33. Never take drugs or strong medications before driving. Remember that drugs, illness, or extreme fatigue may
affect your ability to judge distances, speed, and driving conditions, and slow your reaction time.
34. Do not hang items from the rear view mirror of vehicles.
35. Ear protection is required for heavy equipment operators when there is a noise hazard to the ear.
36. Emergency/hazard warning lights should be used when vehicles are operating (or parking) under conditions
that might interfere with other vehicle traffic.
37. Do not operate, nor instruct other employees to operate, an unsafe vehicle or equipment.
38. Drivers of vehicles transporting loose materials such as dirt, sand, gravel, sludge, or other material that can
blow (or spill) off the vehicle shall cover the material with canvas or otherwise secure it as appropriate.

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1. Keep gasoline in an approved safety can and properly labeled. These safety cans are the type with spring-
loaded and vented caps.
2. Do not fill tanks of mowers indoors.
3. Do not operate any grounds maintenance equipment unless you have been properly instructed and authorized.
4. Keep hands and feet from under machine.
5. Do not leave mowers running unattended. This means leaving it by a distance of 25 feet or more.
6. Do not use mowers to trim hedges.
7. Wear proper eye protection, dust masks, and hearing protection.
8. Pick up rocks, wire, etc., before mowing. Watch for other obstacles.
9. Use drop chains on tractor-towed mowers and be sure that the chains are within one-half inch of the ground.
Watch slopes. Go slow, with no hot-rodding or showing off.
10. Use proper “kill” switch to stop the engine.
11. All power lawn mowers and edgers shall be equipped with adequate guards which shall remain in place while
being operated.
12. Electric mowers and edgers shall be properly grounded.
13. Check the following before making inspections, repairs, or adjustments:
a. Turn control lever to the “off” position on gas and electric mowers and edgers.
b. Remove the spark plug wire on gas mowers and edgers.
c. Disconnect the power source on electric mowers and edgers.

1. Have the spray booth ventilation system in operation during every spraying operation.
2. Use the proper type of respirator and eye protection at all times when spray painting with toxic paints.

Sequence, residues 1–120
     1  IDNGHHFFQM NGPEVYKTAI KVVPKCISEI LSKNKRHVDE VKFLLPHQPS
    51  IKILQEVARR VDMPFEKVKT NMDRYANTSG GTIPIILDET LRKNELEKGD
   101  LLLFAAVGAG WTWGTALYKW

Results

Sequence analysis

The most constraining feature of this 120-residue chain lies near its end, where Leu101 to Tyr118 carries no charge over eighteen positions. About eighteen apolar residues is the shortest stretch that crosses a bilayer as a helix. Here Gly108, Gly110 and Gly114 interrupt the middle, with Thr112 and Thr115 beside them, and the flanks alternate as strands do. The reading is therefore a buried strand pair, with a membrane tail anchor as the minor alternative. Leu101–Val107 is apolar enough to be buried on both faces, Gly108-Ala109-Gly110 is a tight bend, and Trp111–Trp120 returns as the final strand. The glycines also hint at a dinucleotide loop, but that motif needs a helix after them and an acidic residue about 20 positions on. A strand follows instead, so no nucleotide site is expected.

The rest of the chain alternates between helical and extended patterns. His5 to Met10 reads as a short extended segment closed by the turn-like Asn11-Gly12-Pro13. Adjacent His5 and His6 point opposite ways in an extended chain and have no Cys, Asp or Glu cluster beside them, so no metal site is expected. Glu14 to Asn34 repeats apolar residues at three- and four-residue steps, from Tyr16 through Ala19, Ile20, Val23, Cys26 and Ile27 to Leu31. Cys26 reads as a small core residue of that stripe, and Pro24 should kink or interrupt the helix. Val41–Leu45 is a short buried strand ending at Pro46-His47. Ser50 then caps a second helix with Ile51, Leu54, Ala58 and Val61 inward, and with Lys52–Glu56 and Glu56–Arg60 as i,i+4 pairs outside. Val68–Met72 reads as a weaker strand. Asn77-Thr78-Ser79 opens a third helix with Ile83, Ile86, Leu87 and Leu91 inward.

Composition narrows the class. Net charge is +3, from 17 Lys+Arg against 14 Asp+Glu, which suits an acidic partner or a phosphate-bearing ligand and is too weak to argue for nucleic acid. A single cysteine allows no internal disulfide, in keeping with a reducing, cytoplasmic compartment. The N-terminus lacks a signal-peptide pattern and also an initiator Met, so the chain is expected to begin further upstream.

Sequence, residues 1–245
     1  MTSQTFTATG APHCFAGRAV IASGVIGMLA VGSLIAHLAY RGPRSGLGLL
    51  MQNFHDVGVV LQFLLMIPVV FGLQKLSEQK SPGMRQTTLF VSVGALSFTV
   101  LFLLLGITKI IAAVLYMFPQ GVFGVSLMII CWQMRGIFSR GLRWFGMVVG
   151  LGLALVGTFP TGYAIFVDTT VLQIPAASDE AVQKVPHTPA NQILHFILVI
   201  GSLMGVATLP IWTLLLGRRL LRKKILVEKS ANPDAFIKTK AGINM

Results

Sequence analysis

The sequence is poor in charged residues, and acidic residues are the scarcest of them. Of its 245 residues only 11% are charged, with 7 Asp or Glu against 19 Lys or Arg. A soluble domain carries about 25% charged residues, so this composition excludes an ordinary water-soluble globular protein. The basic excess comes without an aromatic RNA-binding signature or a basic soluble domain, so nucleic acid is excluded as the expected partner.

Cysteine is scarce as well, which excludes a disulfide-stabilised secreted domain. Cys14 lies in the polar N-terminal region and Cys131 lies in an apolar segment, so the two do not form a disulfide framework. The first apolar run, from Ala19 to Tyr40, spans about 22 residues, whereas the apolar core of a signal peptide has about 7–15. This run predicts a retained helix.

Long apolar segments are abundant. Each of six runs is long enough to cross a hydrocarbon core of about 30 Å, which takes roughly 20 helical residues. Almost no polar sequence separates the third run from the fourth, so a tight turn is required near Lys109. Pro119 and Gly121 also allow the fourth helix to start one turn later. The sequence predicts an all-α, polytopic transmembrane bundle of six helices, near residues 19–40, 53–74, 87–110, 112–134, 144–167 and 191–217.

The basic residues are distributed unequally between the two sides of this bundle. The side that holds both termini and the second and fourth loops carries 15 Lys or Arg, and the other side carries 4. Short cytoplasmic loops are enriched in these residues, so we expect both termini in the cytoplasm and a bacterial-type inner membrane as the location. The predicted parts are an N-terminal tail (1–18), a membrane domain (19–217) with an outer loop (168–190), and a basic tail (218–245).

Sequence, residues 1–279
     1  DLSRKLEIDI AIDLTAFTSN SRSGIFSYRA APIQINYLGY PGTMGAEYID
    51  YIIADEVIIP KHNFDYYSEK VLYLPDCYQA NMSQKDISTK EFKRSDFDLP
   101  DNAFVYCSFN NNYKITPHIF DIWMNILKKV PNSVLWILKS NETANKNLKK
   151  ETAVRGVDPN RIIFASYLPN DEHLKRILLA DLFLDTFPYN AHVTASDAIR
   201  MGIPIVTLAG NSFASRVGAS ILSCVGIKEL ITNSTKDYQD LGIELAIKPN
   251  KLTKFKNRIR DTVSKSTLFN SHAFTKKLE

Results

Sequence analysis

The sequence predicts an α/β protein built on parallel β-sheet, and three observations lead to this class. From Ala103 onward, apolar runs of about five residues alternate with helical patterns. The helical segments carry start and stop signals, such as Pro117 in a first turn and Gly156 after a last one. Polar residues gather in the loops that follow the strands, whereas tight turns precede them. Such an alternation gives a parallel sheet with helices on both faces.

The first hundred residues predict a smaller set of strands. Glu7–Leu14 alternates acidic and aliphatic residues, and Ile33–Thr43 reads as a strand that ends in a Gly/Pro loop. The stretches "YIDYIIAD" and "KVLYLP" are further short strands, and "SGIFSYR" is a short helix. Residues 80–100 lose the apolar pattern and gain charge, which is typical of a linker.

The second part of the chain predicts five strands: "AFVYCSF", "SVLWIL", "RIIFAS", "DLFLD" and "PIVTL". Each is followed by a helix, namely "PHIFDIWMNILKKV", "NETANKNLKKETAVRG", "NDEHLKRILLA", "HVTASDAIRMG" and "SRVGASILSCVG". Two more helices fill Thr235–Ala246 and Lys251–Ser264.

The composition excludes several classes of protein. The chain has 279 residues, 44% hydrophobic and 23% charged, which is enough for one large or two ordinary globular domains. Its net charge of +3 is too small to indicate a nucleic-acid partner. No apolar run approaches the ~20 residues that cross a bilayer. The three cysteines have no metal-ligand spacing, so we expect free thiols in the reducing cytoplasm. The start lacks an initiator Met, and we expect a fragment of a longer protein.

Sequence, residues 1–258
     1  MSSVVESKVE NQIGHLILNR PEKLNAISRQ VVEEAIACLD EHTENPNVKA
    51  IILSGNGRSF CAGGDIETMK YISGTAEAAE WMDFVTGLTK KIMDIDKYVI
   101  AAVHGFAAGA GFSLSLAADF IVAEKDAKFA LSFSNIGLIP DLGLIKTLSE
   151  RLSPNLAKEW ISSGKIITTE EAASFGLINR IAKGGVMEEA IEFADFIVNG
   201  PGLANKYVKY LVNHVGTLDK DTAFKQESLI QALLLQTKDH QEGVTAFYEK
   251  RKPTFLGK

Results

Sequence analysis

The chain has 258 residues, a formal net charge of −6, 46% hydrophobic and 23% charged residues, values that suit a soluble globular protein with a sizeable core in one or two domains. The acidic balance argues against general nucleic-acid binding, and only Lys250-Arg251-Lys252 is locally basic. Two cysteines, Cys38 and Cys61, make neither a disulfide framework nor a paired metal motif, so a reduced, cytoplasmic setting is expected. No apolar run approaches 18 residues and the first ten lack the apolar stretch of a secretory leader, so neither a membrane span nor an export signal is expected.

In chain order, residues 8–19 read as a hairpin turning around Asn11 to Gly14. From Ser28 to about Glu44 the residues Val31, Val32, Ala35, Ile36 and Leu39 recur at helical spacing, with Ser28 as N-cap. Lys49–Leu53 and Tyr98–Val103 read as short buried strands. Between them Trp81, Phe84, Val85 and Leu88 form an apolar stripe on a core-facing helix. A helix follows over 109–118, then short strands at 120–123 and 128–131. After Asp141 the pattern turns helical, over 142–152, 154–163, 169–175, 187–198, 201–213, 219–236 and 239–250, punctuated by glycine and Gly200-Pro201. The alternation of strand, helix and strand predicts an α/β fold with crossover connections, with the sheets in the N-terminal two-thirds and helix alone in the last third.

3. Regulate the air and paint pressure on the spray gun before starting work. Exercise caution in the handling of
compressed air and power paint equipment.
4. Clean the spray gun and other equipment thoroughly after each use.
5. Never put your hand in front of an airless paint spray nozzle.
6. Follow all rules governing safe handling of combustible materials. Read and follow the manufacturer’s
directions carefully when using finishing materials. This is especially important when using lacquer, enamel,
or paint in pressurized cans. Spray 20 feet away from possible source of ignition.
7. Store flammable paints and thinners, etc., in approved storerooms with explosion-proof wiring or a metal
storage cabinet.
8. Never have more than a one-day supply of flammable paint outside an approved storage area.
9. Clean up all spills promptly.
10. Store thinners in UL approved safety cans with spring-loaded and vented lids.
11. Dispose of oily paint or solvent rags in metal containers with tight fitting lids.
12. Bond metal containers when transferring flammable liquids, especially those that are known as Class I
Flammable liquids.

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1. Make certain that the stock has no large cracks, loose knots, nails, screws, dirt, paint, or varnish on any of the
2. Turn the shaving exhaust on before starting the machine.
3. Never run stock through the planer if it is less than 18” long.
4. Limit the depth of cut to one-eighth inch for narrow stock and one-sixteenth inch for stock of full planer
5. Never plane stock less than one-fourth inch thick unless it is placed on a thick board for support.
6. Keep hands away from the feed rolls, and keep “hands off” boards that are gripped by the feed rolls.
7. Never attempt to shift a board after it has been gripped by the feed rolls.
8. Never change the depth of cut while a board is going through.
9. Never plane two boards side by side. One board may be thinner than the other and a serious kickback may
10. Never plane the edge of a board in the planer.
11. Never attempt to look into the planer while it is in operation.
12. Never allow the planer to run unattended.
13. Never stand directly in line with the rotation of the planer head or directly behind the board that is being fed.
14. Anchor the planer to a solid foundation to reduce vibration.
15. Wear ear protection and eye protection.
16. Enclose the cutter heads completely.
17. Keep feed roll guards on and properly adjusted.

1. Eye protection of an approved type should be worn when any type of eye hazard exists. This would include
welding or cutting operations, grinding, chipping, or working on steam or chemical lines.
2. Hard hats should be worn by all persons working in areas where tools, materials, or objects may fall from
3. Safety belts and life lines should be used when it is necessary to work at elevations where scaffolding or
staging is not practical, such as running pipes or ducts along members of open roof trusses, and when working
on unguarded catwalks.
4. Gloves should be worn when handling pipe, sheet metal, or other material having rough edges.